Re: Linking SPC & SD (long)

Joe Kilbride (
Fri, 4 Nov 94 10:46 CST

Bob Klein wrote re: my interest in the linkages between SPC (statistical
process control) charts and SD (System Dynamics) models:

>Quality Function Deployment (QFD) links the Voice of the Customer
>(customer wants and needs are at the center of any valid TQM
>effort) to internal metrics a.k.a. performance measures. It is
>these internal metrics and performance measures that are plotted
>on SPC charts. And it is these same metrics that show up in SD

I agree with Bob's explanation of how these tools can be deployed
throughout an organization in concert with one another. However, what I
have been interested in is how SPC and SD work at the level of individual
mental models. Both tools tend to provide their users with entirely new
ways of perceiving, and therefore improving, their worlds. In other words,
they give you AHAs! of a very similar nature. IMHO, here is why.

Buckminster Fuller said something like (and I paraphrase) "Don't teach me
new ways of thinking. Instead give me a tool that makes me think in new
ways." That is what SPC and SD models do: they provide a tool that forces
us to think in new ways. These tools help us make the shift that Senge
describes as moving from:
events---->patterns of behavior--->underlying structures

Here is how the tools enable the shift...

The key aha of variation/SPControl charting is that until you can
differentiate between common and special cause behavior, you have no way of
distinguishing important (i.e., special cause) events, from unimportant
(i.e., random, or common cause) events. No matter how good it makes you
feel to be a "take charge, action-oriented manager", ANY reactions to
common cause events, no matter how well-intended or logical they may seem,
are likely to be detrimental to process performance.

The impact of this is that when managing a work process, every event is a
problem of equal magnitude until we begin control charting. Using SPC
charts forces us to stop reacting to (common cause) events, and to see
beyond them to the patterns of behavior that emerge over time as we plot
the data. By studying the patterns of behavior using SPC, we learn that
only special causes are events of importance, i.e., problems to solve. All
other variation is inherent in the system itself. Eventually, as the system
becomes stable (i.e., no special causes), further improvement requires
examining the underlying structure of the process itself, which is the
source of all common cause variation. In summary, the progression SPC
charting enables is as follows:

When you: You shift from:
--------------------------- -------------------------------------
- begin keeping SPC charts - events ---> patterns of behavior
- get system in-control - patterns ---> underlying structures

Like SPC charts, which provide a tool and a discipline for seeing beyond
the common cause events in a process, SD models help us see beyond
day-to-day events (like a drop in sales or an inventory shortage) to the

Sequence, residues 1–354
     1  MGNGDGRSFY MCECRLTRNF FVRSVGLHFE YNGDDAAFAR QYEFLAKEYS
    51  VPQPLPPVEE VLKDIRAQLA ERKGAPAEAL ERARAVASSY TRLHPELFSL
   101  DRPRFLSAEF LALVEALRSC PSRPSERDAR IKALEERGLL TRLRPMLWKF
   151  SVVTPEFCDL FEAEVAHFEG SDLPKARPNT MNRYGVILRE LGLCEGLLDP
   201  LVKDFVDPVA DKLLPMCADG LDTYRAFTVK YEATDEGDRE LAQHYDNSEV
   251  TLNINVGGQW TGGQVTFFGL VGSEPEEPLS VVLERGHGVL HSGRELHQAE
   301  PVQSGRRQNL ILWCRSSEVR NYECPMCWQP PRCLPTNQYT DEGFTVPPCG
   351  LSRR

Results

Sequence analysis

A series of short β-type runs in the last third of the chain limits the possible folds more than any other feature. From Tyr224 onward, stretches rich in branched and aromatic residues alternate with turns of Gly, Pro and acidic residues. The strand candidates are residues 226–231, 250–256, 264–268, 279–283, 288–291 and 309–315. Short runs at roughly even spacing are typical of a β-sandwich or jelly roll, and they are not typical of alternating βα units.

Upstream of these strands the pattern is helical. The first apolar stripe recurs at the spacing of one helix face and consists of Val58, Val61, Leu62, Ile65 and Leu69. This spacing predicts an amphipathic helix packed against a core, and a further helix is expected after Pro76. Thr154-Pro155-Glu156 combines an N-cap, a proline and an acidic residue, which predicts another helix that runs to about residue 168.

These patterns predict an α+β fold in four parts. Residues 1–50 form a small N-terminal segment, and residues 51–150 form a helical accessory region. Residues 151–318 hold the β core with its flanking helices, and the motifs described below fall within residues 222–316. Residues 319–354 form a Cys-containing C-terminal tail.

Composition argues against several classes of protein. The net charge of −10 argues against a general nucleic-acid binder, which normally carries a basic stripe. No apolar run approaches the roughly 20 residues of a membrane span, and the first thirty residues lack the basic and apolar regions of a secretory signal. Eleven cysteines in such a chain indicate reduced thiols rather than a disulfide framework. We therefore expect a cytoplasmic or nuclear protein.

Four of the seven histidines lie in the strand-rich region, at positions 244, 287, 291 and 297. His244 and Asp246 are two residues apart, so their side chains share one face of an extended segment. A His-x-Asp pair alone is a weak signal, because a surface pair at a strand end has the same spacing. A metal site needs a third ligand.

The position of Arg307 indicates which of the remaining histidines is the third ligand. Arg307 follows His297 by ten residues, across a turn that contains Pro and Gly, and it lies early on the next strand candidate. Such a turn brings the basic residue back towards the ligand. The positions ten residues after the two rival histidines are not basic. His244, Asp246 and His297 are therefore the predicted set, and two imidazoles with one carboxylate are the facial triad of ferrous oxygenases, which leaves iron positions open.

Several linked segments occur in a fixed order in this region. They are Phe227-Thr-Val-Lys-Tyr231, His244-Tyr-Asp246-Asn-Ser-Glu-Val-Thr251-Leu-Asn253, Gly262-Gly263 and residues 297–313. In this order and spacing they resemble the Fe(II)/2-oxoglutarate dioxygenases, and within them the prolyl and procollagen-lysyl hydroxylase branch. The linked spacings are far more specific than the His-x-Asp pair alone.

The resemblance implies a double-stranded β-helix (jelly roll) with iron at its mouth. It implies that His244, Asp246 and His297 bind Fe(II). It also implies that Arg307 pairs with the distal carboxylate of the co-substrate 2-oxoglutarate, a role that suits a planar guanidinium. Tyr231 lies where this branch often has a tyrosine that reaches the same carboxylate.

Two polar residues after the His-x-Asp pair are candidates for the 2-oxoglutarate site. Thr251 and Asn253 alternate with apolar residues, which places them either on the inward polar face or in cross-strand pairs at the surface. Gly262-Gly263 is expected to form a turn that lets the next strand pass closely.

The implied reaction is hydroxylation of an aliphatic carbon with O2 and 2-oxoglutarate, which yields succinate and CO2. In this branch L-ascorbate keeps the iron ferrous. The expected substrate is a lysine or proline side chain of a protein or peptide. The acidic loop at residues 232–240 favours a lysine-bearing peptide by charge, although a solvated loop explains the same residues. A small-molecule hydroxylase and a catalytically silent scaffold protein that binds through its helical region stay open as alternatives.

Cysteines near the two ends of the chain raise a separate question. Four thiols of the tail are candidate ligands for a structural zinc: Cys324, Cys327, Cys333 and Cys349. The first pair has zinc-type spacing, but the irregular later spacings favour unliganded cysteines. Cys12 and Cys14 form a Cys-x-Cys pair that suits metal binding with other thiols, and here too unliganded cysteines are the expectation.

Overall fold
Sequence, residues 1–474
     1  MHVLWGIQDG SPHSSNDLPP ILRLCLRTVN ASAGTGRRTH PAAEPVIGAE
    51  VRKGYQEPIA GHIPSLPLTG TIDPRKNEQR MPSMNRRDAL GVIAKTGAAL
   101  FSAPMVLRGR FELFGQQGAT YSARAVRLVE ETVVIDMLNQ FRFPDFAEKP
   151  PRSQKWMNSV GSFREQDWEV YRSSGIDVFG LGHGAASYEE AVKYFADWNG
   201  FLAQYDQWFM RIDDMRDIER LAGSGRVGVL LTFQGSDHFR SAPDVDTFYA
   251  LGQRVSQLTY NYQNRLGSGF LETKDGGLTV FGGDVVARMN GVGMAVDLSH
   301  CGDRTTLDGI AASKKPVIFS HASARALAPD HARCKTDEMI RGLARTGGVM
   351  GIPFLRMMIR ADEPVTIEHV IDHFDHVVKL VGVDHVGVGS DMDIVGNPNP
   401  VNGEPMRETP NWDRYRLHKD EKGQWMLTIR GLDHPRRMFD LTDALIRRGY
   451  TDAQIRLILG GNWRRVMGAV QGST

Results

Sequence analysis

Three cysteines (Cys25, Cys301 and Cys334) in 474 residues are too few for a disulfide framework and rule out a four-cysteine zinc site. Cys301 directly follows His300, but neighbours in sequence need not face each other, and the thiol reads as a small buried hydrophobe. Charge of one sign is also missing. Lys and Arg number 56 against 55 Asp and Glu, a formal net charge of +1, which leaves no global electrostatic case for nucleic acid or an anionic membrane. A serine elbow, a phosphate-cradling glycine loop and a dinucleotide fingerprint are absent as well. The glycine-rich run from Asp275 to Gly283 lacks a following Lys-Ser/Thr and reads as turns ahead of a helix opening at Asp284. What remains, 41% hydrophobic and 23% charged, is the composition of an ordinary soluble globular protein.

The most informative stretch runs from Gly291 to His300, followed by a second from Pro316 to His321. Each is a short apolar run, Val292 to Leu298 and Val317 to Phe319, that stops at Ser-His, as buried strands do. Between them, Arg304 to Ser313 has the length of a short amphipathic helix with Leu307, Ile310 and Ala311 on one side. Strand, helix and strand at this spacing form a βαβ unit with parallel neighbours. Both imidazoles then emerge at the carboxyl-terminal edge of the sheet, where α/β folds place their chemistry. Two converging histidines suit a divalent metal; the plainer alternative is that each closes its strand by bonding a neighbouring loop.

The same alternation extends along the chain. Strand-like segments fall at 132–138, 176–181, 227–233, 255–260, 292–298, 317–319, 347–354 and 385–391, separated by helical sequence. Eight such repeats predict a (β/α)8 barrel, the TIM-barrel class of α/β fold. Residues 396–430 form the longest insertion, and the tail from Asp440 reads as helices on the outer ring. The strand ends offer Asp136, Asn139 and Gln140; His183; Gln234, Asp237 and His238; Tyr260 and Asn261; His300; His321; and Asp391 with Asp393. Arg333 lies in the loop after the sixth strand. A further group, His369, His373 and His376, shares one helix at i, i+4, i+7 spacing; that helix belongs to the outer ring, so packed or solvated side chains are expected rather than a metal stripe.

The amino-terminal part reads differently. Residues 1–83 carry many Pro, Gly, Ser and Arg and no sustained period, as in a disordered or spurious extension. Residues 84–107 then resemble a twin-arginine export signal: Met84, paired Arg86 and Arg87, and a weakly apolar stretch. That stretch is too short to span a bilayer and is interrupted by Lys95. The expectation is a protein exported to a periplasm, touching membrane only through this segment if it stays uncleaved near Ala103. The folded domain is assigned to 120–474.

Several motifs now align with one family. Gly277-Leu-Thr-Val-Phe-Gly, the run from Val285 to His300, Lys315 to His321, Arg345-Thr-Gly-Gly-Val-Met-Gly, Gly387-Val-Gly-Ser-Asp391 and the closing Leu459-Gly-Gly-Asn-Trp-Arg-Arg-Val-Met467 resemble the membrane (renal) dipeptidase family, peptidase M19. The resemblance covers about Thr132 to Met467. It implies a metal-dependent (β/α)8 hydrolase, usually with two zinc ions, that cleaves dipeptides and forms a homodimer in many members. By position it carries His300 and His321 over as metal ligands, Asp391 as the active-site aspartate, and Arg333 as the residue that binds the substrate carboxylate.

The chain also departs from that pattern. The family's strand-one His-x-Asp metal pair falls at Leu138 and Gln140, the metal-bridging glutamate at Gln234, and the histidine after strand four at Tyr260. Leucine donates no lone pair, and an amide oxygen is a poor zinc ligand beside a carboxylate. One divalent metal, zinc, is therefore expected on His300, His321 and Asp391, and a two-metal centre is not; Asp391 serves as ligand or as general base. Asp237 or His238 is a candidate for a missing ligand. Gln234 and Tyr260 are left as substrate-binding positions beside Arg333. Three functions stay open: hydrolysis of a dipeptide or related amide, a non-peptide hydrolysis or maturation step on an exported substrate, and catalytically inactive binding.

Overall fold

underlying feedback structures that are generating the observed behavior in
complex, dynamic systems. The progression SD modeling enables is:

When you: You shift from:
-------------------------------- -----------------------------------
- plot Behavior Over Time (BOT) - events ---> patterns of behavior
- map, model, simulate - patterns ---> underlying structures

What all this boils down to is captured by Peter Senge at the beginning of
Chapter 7 in The Fifth Discipline: "The bottom line of systems thinking is
leverage--seeing where actions and changes in structures can lead to
significant, enduring improvements...Our nonsystemic ways of thinking are
so damaging specifically because they consistently lead us to focus on
low-leverage changes."

In short, SPC and SD models help us (a) stop reacting to events and
(b) gradually ascend the "ladder of leverage" from events to patterns to
underlying structures. The effect of doing so is twofold:
- we avoid taking counterproductive actions, like blaming actors
within the system for system behavior, or reacting to common
cause events, which is called "tampering" by Deming
- the actions we take instead have greater positive impact

I hope this more clearly describes my interest in SPC/SD linkages than my
previous post. In the spirit of the Learning Org list, I welcome any
additional clarification of my thinking by others on the list.

Bye for now...

_ _____________________________
/ )| Joe Kilbride -- |( \
/ / | Kilbride Consulting | \ \
_( (_ | Downers Grove, IL | _) )_
(((\ \>|_/->_____________________<-\_|</ /)))
(\\\\ \_/ / \ \_/ ////)
\ / "I have seen \ /
\ _/ the enemy, \_ /
/ / and he is us." \ \
/ / -- Pogo \ \

PS -- To readers unfamiliar with SPC, my apologies for using terminology
you may be unfamiliar with. If interested and want to learn more, consider
the recommendations below. I personally have found Joiner's book helpful.
Everyone on the Internet who seems to know anything about SPC and variation
swear by the Wheeler books. I'm ordering them myself.
- Brian Joiner's "4th Generation Management" available from Joiner
Associates @ 800/669-8326, or
- Donald J. Wheeler's books including "Understanding Variation" or
"Understanding Statistical Process Control" from SPC Press
@ 800/545-8602

PSS - To Bob Klein: Your reply also mentioned a presentation on SD/TQM
linkages by Fredel and Norm Wada at last years STIA conference in Boston.
As I was unable to attend last year (and will be again this year), was
wondering if you could tell me more about this on the back channel. Thanks
in advance for any help.